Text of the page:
Now That You’re A Convert

Photography by Andy Coan

So, you finally got up the nerve.  At last, reservation after reservation was entertained and dismissed, and you took the risk of potentially alienating family members and provoking uncomfortable questions from co-workers.  You decided to become the kind of member of the Catholic Church that will be known forever as the few, the odd, the converts.

When it’s used as a noun, the emphasis is on the first syllable; when it’s used as a verb, the emphasis is on the last syllable.  In either case, when it comes to Catholicism, if you conVERT, even if you stay Catholic for the next fifty years of your life, you will always be known as a CONvert.  Because of the culturally Catholic climate in many urban centers in the United States, it can be an extremely normal thing in some communities to be Catholic, but an extremely odd thing to actually become Catholic.

If you are a convert, expect to be asked probing questions about it every time you’re introduced as one.  Unless you converted to appease your in-laws, chances are you have a thousand reasons for becoming Catholic; the person asking only wants one or two.  Do what I do: give a different answer every time.  Not only do you have the fun of keeping people guessing; you also have the thrill of revisiting all of those “aha!” moments that got you to finally sum up the nerve to sign on the dotted line.

Cradle Catholics often attest that converts know more about their faith than most Catholics.  Depending on a particular convert’s path to the Catholic Church, this may or may not be the case.  Those who have read their way into the Church by studying the Church Fathers and other Catholic thinkers tend to come from an evangelical Protestant background, and tend to bring evangelical Protestant fervor into the Church with them.  Because Catholicism requires such a high level of commitment, a great number of converts (including those who are hounded to convert by their spouses) tend to do their homework before entering the Church, in contrast with the many cradle Catholics who never did their homework in Catholic school.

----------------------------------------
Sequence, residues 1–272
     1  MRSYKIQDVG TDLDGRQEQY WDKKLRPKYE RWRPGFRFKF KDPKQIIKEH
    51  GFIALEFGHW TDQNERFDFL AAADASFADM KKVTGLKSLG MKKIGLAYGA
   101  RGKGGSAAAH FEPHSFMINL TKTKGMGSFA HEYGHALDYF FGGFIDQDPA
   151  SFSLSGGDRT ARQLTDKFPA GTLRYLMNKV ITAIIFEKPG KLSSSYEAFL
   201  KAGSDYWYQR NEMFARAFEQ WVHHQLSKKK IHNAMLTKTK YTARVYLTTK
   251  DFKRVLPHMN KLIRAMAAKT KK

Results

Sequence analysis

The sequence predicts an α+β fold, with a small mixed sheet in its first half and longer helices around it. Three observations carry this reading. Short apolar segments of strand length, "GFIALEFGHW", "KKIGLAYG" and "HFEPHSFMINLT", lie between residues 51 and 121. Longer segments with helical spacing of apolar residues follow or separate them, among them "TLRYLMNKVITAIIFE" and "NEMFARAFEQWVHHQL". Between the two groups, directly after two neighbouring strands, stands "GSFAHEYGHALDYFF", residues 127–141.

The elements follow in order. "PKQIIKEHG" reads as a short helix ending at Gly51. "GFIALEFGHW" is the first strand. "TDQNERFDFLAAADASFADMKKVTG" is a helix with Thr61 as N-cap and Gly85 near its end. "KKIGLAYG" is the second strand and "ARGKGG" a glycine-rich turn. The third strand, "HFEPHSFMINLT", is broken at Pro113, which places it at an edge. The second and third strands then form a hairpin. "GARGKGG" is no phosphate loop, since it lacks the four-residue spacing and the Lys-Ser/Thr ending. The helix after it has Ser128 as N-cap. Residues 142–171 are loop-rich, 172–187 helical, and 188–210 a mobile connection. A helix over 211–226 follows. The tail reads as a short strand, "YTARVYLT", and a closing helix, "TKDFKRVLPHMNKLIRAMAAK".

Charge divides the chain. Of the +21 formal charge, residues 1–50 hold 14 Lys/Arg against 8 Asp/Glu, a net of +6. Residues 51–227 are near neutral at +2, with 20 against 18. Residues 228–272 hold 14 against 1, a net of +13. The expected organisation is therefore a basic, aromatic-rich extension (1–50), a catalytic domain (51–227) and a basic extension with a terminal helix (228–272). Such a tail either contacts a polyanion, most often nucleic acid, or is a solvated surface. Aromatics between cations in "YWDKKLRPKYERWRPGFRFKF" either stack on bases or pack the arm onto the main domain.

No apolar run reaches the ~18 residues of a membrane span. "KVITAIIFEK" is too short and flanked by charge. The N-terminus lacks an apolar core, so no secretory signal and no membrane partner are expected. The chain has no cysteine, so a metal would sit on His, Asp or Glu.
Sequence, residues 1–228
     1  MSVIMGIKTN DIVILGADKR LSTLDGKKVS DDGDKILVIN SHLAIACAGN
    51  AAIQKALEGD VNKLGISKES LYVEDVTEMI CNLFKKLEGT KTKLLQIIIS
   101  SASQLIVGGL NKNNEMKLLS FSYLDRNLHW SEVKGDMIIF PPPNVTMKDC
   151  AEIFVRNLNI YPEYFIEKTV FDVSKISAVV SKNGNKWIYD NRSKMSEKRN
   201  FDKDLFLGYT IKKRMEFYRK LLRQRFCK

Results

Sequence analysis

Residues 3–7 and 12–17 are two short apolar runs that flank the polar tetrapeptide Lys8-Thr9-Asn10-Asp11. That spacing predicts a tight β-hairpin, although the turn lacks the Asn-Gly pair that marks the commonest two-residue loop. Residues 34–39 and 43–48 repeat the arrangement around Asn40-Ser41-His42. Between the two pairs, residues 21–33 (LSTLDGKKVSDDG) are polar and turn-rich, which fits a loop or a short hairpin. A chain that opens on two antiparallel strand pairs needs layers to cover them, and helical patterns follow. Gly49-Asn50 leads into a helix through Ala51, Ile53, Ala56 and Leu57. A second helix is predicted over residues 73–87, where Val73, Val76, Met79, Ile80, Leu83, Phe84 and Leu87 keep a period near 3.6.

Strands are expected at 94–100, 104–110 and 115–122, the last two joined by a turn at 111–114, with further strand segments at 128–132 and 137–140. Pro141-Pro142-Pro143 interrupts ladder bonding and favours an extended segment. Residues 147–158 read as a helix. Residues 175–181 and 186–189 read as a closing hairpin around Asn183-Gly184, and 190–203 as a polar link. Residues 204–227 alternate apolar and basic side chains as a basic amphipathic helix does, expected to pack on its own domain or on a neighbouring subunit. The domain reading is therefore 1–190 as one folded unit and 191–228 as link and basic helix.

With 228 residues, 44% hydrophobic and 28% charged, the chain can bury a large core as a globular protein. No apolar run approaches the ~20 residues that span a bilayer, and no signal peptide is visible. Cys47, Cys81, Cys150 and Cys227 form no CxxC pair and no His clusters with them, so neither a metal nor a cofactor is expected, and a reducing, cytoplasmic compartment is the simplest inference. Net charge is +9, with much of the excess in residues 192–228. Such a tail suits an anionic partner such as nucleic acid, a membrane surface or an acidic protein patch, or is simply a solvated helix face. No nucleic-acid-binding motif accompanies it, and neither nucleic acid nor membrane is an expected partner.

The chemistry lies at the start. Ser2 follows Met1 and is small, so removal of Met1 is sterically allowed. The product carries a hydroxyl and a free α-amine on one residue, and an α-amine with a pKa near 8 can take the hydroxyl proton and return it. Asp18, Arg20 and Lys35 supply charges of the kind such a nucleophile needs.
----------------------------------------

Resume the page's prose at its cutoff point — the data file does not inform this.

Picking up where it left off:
Cradle Catholics will often tell you that you know more than those who have been Catholic for a lifetime; get used to being seen as a bit of a novelty from time to time.  Whatever you do, don’t get cocky; you know, deep down, that you didn’t know everything you had to know before you agreed to become Catholic- more likely, you know that you knew just enough to know that Catholicism had the answers to all the nagging questions that you saw unfulfilled in your life as a non-Catholic.  There will be a temptation to either assume that the Church is right about everything from here on out, and stop searching, or to wonder if you’ve made the right decision, and treat Catholicism like a club you’ve joined but don’t have to agree with in every respect.  The fact of the matter is, Catholicism is an awful lot like marriage; rather than closing yourself off to all other options, you’ve opened up a world of possibility based on a “yes” to God’s call rather than a mere “no” to all the things you’ve found dissatisfying to this point.  Conversion is not the end of the discovery phase; it is the beginning.  To fully live the reality, of your conversion, you have to see it as your chance to embrace Christ’s call to approach him as a child; with more questions than you’ve ever had, but also with more trust than you’ve ever had to accompany that inquiry.

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